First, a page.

Mainland Chinese stocks ended the day lower, with the Shanghai composite down 0.78% to 2,911.05 and the Shenzhen component shedding 0.82% to 9,809.05. The Shenzhen composite was around 0.707% lower at 1,635.16. Hong Kong's Hang Seng index slipped about 0.73%, as of its final hour of trading.
The People's Bank of China released its new loan prime rates earlier on Wednesday. The 1-year and 5-year loan prime rates were cut by 0.05% each from a month earlier to 4.15% and 4.8%, respectively.
Elsewhere, Japan's Nikkei 225 slipped 0.62% to close at 23,148.57 while the Topix index shed 0.33% to 1,691.11. On Wednesday, Japanese merchandise trade data for October from the Ministry of Finance showed exports for the month fell 9.2% year-on-year — well off the 7.6% year-on-year decline expected by economists in a Reuters poll.
The S&P/ASX 200 in Australia declined 1.35% to close at 6,722.40 as the heavily-weighted financial subindex fell 2.15%. Shares of Australia's so-called Big Four banks declined: Commonwealth Bank of Australia fell 1.33%, Westpac dropped 3.31%, Australia and New Zealand Banking Group shed 2.05% and National Australia Bank slipped 3.12%.
The moves in the sector came after Australia's anti money-laundering and terrorism financing regulator filed for civil penalty orders against Westpac.
"It is alleged that Westpac's oversight of the banking and designated services provided through its correspondent banking relationships was deficient," the Australian Transaction Reports and Analysis Centre (AUSTRAC) said in a media release.
South Korea's Kospi shed 1.3% to close at 2,125.32 as shares of industry heavyweight Samsung Electronics and chipmaker SK Hynix dropped 2.8% and 3.05%, respectively.
Overall, the MSCI Asia ex-Japan index traded 0.66% lower.
Markets have been on edge for much of the trading week as investors seek clarity on the state of U.S.-China trade negotiations as a Dec. 15 deadline approaches. A tariff hike on Chinese exports to the U.S. is set to kick in on that date.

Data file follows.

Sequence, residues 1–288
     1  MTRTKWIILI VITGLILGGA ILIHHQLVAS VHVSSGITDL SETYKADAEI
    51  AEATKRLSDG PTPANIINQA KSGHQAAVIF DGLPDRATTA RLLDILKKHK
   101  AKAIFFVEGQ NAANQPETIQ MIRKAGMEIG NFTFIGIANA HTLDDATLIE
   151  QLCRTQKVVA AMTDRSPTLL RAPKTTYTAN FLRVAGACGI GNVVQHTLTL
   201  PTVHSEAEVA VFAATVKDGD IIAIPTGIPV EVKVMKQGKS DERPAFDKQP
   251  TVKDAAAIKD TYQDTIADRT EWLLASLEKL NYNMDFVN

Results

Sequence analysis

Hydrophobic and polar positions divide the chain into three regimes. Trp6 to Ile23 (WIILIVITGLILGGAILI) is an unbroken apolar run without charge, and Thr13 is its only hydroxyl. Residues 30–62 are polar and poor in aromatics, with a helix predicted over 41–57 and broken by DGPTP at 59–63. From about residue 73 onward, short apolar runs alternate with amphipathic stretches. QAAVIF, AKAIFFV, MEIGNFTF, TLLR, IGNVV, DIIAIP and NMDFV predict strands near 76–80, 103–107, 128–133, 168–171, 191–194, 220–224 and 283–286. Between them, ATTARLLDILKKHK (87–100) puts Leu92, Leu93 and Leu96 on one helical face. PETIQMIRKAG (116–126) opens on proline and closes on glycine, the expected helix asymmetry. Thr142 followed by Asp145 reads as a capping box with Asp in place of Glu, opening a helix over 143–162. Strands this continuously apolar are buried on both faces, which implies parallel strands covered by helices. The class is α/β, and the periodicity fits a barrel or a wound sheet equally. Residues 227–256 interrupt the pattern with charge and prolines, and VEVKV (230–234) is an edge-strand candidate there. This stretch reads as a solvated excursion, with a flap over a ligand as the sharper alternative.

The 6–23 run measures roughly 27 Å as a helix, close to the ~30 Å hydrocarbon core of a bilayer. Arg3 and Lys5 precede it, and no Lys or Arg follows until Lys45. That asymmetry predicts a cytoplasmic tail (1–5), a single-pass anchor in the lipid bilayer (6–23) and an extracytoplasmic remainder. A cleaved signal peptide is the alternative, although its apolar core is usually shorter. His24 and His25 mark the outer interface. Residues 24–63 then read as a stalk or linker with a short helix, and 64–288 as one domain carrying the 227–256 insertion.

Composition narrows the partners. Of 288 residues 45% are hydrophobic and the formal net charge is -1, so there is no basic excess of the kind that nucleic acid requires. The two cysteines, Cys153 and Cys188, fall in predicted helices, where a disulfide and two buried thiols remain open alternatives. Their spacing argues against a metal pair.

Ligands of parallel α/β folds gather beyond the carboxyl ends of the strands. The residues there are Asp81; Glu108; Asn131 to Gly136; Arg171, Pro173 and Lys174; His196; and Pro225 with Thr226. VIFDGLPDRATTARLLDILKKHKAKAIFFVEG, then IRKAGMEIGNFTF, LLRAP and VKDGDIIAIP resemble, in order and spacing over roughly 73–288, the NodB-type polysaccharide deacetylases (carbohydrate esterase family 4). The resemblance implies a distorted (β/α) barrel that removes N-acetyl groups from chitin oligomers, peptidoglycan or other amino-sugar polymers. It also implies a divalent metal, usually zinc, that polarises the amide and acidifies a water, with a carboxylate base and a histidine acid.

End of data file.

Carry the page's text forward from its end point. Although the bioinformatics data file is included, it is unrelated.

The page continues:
Trump said Tuesday he would "just raise the tariffs even higher" on Chinese goods if a deal between Washington and Beijing is not reached. CNBC reported earlier in the week, citing a government source, that China is pessimistic about the trade deal. That is reportedly due to differing views on the cancellation of tariffs.
The developments came following a recent wave of optimism after Trump said a "phase one" trade deal would get signed sometime in November.
"We're optimistic a phase one deal does get done," Gokul Laroia, co-CEO of Asia Pacific at Morgan Stanley, told CNBC on Wednesday.
"If a deal gets done, we're pretty positive on the near-term prospects for both the macro and the markets," Laroia said Wednesday at the Morgan Stanley APAC Summit. "The most important factor influencing that is, a deal coupled with policy is much more impactful."
"The effectiveness of (policy), whether it's monetary or fiscal, is a lot lower when you don't have a trade deal done and when you have an inherent amount of uncertainty hanging over the corporate world, not just in Asia, but globally," he added.
The U.S. dollar index, which tracks the greenback against a basket of its peers, was at 97.909 after seeing an earlier low of 97.848.
The Japanese yen traded at 108.53 per dollar after touching lows around 108.8 yesterday. The Australian dollar changed hands at $0.6816 after rising from levels around $0.679 in the previous trading day.
Oil prices were lower in the afternoon of Asian trading hours, with international benchmark Brent crude futures slipping 0.23% to $60.77 per barrel. U.S. crude futures declined about 0.1% to $55.16 per barrel.
— CNBC's Fred Imbert contributed to this report.